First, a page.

crazy sunbeams, rainbows an’ stuff on the moor

So many of my trips for work the past couple years have started with this bear. Whenever I visit him at Paddington station, he asks if I’ve brought him marmalade, and sometimes I remember. This time I brought him Nutella, which he thought wasn’t too bad, although we made the jar look like it hadn’t been opened so I could give it to the Reeve family, with whom I was going to stay.

I was going out to Dartmoor to visit the writer and illustrator Philip Reeve to work on a couple secret projects we have tucked up our sleeves. I brought all this work to do on the train, but by the time I got to about Bath, I just wanted the train to arrive. My new phone lets me send text messages – with photos(!) – so I started texting pictures of a very bored cat.

One of the best parts of the journey is when the train goes right by the sea in Dawlish. I took this using an app called Instagram and thought it looked very artsy-fartsy.

And hurrah, the train finally arrived. The rain was tipping down on the moor, so I didn’t do any landscape sketches right away, but I did it the warm kitchen and make drawings of everyone in the family. Here’s Sarah, who’s a great photographer, surrounded by gadgetry.

One of the first things I saw outdoors was a very wet and muddy alpaca named Alfie (or is it Iggie? I get them mixed up). He looks like he only has one ear in this photo.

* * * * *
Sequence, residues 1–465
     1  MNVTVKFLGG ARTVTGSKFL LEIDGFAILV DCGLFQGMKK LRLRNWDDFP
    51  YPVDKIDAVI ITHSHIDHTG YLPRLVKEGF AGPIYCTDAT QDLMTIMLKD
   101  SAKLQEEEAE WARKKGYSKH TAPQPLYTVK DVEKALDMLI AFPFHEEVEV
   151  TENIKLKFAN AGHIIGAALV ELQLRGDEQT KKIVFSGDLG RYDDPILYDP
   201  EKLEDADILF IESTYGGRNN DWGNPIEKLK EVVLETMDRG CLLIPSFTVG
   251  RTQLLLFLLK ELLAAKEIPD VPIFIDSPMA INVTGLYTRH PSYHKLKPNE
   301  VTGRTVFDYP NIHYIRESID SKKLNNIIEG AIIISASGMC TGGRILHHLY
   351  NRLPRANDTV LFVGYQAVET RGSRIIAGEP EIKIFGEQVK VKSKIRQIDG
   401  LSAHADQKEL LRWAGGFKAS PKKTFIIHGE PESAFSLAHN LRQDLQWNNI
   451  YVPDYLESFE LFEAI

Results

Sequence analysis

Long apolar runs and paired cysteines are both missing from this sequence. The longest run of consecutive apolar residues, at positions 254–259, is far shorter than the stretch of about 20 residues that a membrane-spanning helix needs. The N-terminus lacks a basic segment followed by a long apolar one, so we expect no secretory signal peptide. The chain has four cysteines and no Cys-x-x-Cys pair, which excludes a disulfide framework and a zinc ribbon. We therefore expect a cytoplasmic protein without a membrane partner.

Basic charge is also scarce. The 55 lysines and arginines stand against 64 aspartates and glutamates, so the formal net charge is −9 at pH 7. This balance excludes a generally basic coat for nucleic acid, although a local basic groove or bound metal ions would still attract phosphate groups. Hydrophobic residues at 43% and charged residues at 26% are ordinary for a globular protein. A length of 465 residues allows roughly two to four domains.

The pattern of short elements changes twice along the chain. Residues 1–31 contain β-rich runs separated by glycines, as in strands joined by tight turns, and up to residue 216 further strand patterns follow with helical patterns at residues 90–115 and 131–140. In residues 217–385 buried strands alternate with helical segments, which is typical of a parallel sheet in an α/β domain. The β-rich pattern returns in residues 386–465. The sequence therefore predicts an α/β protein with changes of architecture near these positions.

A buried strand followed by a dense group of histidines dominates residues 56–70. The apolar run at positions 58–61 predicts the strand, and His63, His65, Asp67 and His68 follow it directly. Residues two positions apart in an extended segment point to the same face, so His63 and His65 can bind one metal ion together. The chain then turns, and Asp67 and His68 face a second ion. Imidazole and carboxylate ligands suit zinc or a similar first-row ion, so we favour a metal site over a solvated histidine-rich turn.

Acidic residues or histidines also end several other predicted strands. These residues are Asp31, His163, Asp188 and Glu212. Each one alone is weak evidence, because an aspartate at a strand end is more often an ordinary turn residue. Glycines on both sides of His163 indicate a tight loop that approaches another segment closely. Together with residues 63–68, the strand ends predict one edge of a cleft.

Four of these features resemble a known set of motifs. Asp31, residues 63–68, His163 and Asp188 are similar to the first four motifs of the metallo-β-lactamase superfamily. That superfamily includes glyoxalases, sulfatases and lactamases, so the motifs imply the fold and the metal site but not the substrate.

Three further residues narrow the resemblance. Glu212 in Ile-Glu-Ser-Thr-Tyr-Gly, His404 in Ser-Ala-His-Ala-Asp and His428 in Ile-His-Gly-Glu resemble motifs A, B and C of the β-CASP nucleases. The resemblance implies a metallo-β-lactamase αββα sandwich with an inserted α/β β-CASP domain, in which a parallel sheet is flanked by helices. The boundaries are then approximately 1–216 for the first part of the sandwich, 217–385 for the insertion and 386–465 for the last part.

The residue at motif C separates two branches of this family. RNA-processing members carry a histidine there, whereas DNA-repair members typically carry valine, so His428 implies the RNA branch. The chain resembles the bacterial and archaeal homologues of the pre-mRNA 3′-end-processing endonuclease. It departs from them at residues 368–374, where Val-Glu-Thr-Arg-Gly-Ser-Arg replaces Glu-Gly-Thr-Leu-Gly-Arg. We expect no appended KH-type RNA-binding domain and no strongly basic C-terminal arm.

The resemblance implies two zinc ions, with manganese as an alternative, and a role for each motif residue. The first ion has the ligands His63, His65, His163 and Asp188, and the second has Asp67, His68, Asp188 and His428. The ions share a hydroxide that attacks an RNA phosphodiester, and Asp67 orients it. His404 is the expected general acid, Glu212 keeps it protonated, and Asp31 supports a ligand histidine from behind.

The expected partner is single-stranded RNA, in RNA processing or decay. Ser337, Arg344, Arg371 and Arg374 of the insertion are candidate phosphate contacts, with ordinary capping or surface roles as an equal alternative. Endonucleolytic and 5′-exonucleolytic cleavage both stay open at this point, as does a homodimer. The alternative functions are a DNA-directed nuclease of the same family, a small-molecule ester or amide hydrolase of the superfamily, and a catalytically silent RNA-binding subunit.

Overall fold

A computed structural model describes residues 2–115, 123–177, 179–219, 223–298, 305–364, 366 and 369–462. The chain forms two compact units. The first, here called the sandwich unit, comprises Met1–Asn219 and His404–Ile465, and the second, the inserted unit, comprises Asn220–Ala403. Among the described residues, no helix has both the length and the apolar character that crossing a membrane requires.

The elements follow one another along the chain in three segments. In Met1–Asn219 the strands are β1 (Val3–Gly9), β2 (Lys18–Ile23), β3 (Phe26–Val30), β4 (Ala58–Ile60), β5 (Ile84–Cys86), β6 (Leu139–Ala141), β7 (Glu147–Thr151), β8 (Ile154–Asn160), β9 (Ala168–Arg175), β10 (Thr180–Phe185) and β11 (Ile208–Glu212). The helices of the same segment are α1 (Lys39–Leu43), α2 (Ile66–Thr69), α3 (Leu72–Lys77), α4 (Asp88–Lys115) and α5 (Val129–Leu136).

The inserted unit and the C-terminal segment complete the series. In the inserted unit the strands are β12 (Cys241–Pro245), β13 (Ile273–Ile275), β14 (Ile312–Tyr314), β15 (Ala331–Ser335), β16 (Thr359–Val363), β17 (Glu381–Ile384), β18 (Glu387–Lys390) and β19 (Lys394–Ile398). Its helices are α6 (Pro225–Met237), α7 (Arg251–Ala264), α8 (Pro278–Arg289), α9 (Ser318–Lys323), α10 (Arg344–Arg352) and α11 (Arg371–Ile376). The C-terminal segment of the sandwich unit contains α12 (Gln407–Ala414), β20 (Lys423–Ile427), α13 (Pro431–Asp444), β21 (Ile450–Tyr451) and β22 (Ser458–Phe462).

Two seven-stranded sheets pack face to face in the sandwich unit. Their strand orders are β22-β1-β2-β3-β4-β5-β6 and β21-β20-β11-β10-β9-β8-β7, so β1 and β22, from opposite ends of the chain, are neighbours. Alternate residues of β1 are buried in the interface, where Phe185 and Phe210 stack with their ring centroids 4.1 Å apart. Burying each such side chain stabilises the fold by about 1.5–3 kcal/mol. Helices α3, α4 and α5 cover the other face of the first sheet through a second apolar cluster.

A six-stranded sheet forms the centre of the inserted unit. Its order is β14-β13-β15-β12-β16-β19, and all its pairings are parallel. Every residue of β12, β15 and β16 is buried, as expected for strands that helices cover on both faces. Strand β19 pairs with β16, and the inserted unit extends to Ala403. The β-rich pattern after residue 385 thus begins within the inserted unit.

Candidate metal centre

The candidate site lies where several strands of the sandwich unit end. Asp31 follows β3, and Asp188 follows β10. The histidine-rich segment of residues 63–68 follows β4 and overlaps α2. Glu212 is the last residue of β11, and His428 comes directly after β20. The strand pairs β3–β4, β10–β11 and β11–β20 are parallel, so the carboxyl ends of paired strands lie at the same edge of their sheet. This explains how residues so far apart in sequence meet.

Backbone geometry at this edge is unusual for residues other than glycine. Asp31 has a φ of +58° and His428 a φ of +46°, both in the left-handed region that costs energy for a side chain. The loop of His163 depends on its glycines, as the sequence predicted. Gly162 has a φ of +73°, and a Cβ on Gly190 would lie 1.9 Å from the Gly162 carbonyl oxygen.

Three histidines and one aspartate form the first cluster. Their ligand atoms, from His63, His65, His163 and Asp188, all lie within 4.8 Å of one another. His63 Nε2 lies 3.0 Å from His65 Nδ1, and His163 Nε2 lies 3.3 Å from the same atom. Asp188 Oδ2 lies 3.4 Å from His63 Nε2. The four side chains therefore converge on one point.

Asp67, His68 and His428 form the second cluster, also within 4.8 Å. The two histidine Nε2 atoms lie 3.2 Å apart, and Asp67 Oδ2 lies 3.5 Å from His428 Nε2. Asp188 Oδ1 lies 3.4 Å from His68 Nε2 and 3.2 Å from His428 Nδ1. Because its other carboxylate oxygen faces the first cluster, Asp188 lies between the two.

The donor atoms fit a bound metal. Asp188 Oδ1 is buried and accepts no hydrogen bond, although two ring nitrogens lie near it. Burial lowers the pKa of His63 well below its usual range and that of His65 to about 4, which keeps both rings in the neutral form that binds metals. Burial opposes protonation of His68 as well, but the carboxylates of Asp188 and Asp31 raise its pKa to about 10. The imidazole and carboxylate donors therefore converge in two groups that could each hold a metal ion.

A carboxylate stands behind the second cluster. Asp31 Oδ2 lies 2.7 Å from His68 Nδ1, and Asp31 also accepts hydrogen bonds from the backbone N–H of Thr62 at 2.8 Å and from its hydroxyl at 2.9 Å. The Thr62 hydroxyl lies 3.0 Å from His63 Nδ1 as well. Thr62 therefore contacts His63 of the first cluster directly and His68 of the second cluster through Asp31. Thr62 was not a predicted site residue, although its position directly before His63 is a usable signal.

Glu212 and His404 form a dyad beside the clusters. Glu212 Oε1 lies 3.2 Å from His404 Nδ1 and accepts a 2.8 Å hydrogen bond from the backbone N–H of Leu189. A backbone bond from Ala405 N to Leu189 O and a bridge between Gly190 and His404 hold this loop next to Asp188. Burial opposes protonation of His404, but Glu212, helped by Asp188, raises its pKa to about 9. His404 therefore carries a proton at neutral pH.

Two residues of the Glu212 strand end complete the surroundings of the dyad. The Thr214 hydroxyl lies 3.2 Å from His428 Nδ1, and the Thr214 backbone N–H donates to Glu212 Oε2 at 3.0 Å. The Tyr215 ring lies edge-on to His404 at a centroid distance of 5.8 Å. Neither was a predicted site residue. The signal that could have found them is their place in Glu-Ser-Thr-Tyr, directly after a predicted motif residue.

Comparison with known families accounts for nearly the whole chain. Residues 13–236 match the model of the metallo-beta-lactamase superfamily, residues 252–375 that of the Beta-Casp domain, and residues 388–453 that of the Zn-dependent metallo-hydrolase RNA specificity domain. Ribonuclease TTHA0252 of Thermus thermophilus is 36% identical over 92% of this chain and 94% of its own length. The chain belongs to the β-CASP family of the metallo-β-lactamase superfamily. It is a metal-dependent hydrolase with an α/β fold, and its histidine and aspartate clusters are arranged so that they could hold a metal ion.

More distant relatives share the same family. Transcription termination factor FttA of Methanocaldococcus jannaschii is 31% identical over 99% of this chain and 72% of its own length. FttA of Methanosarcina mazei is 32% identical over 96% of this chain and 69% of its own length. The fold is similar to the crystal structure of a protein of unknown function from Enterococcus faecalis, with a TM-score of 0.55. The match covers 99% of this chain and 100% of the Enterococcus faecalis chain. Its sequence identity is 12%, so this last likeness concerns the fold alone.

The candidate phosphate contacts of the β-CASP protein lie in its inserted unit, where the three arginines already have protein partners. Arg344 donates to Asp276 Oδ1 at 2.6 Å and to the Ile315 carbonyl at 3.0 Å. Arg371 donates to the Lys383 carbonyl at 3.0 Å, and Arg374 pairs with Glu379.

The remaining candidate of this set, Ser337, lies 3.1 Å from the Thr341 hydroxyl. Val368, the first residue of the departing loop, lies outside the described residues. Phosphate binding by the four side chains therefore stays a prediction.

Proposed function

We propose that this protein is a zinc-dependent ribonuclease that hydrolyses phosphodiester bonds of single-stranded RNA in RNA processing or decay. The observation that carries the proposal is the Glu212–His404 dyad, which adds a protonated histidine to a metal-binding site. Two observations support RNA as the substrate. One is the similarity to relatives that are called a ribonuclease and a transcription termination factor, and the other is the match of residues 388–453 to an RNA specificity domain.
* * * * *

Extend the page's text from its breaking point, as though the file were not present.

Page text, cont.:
Sam and I drew a comics jam and called it Ferrari Spider.

Even though it was technically a work visit, we did go out the next day for a lovely walk on the moor.

The clouds around the tors were very dramatic.

Playing around with my camera phone again. Here’s a big, snotty highland coo. I love how this photo looks like it could’ve been taken anytime in the last 50 years. I tweeted it and Hayley Campbell at Gosh! Comics tweeted back: HIGHLAND COO! My Dad’s favourite poem goes like this: “I saw a coo upon the hill, it’s no there noo — it’s shifted.”

We got well rained on, but we all had good jackets and boots, so it just made everything look more dramatic. I love the way this photo captures the light on the wet tussocks.

Okay, by this point the light display was just getting a little surreal…

Some lovely old standing stones. My studio mate Gary just saw them and got excited. Gary: Cool! How old are those stones? Me: Very old! Gary: Thanks for that.

This old stone bridge looks like something out of Lord of the Rings. That’s Frodo the poodle sniffing around.

While we were having lunch, Sam had a bit of time to plough a few furrows. You can see a drawing Philip made over on his Dartmoor sketch blog.

Thanks for a lovely visit, Sarah, Philip and Sam!

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